Few old movies of any kind appear to have been screened at the London Film Festival prior to 1981. According to Water Under the Bridge, the first non-contemporary title to be exhibited was the Jean Renoir French classic The Rules of The Game, which was produced in 1938 but screened at the 1960 event. The first Hollywood title to be unspooled was Buster Keaton’s Seven Chances (1925) in 1965. 1967 saw the revival of another Renoir classic from France, La Marseillaise (1937), while The Movies That Made Us, a Warner Bros. compilation film, was screened in 1973, and Spite Marriage (1929) in 1976. The start of the decade of the 1980s saw a watershed, however. Twinkletoes (1926), Chang (1927), The Crowd (1928) and the UK title Elstree Calling (1930) were all screened in 1981, and the initiation soon after of Thames Television’s annual showcase – ‘Thames Silent Classics’ (revived silent movies with full orchestral accompaniment, later shown on British free-to-air television) – helped set in motion the fad for revivalism which has intensified markedly in subsequent years.

The Thames Silent Classics series established a useful baseline for examining the revival of classic Hollywood cinema at the London festival for two key reasons. First, such revivals immediately created a sense of rarefied distinction by activating the displaced meaning strategy around, on the one hand, aesthetics factors, and on the other, ‘special’ modes of public presentation. In short, these Thames titles, these examples of classic cinema, are both inherently worthy and worthy of being preserved. (Typically, they are presented as being among the most noteworthy of their time (e.g. the most expensive or most spectacular movies of the silent era).) Second, they also allow new varieties of cinephilia to be generated through the reproduction of original film viewing pleasures.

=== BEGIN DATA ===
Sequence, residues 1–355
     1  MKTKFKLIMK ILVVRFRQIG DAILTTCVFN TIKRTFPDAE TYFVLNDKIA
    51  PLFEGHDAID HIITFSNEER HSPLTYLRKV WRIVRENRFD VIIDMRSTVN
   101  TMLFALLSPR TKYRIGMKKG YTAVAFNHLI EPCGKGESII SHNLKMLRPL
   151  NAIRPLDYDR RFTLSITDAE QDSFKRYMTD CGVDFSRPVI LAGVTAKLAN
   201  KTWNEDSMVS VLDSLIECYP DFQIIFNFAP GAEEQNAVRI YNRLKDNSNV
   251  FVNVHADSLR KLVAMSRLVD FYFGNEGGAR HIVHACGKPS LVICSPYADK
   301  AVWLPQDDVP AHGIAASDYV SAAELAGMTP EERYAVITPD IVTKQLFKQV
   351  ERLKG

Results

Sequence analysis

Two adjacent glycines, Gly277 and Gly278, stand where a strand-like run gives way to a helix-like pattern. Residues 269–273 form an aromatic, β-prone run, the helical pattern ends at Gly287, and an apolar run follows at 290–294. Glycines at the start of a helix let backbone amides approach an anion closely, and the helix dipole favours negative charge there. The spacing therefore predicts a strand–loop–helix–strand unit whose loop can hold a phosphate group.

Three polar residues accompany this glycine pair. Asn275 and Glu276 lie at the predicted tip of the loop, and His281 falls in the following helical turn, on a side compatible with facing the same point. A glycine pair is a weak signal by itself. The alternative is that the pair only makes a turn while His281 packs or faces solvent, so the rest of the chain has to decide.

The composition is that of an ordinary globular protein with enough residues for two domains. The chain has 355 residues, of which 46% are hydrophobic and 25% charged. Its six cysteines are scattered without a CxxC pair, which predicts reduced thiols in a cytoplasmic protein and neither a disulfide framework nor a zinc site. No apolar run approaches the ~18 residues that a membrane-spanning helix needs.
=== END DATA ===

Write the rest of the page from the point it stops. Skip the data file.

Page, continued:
For example, the revival of The Thief of Bagdad (1924) in 1984 is presented as akin to a 1920s roadshow presentation of a silent ‘superspecial’, with an orchestral score ‘specially composed by Carl Davis who will conduct the Philharmonia Orchestra at each performance’, and variable ticket prices (£5, £7, £10) ‘available only from the Dominion, Tottenham Court Rd, London W1, until the period 9–29 November when a limited selection will be on sale at the NFT Box Office’.7 These forms of product differentiation – special musical accompaniment, prestige exhibition at a prestige venue and in prestige seats, exclusivity of exhibition dates and times – are meant to both recall the classic tradition of first-run presentation of Hollywood features, and also recreate it. Indeed, this has been a constant attraction at the London Film Festival during this twenty-year period. It characterises, for example, screenings of the following selected list of silent classics, all of which were showcased through such rarefied modes of public presentation: The Big Parade (1925; screened at the 1985 event), Greed (1924; screened in 1985), Ben-Hur (1925 [1987]), Intolerance (1916 [1988]), Sign of the Cross (1932 [1989]) and Wings (1927 [1993]). Many of these films were shown at venues like the London Palladium, rather than the festival’s regular institutional home, the National Film Theatre.

Such revivals also helped to set in motion two specific memory narratives which the London festival has activated in diverse kinds of ways across this twenty-year period. On the one hand, the Thames events very often fetishised industrial and technological innovations, or ‘firsts’. On the other hand, they promoted fairly traditional conceptions of authorship.

Use of the first of these two narratives is fairly widespread. At the simplest possible level, this means that the London festival has on occasion worked to underscore the most conservative storylines regarding the ‘great moments’ of cinema history. The tale being told here admittedly does extend beyond Hollywood. For example, the pioneering German silent classics The Cabinet of Dr Caligari (1919), Metropolis (1927) and Nosferatu: A Symphony of Terror (1921) were revived in 1985, 1984 and 1995, respectively, and the Soviet milestone October (USSR, 1927–28) was shown in 1988 after Alan Fearon had ‘reconstructed the massive score using original research by musicologist David Kershaw’.8 However, these are all safe, stellar attractions from the global film canon which have in effect already been voted as worthy of preservation by international film culture.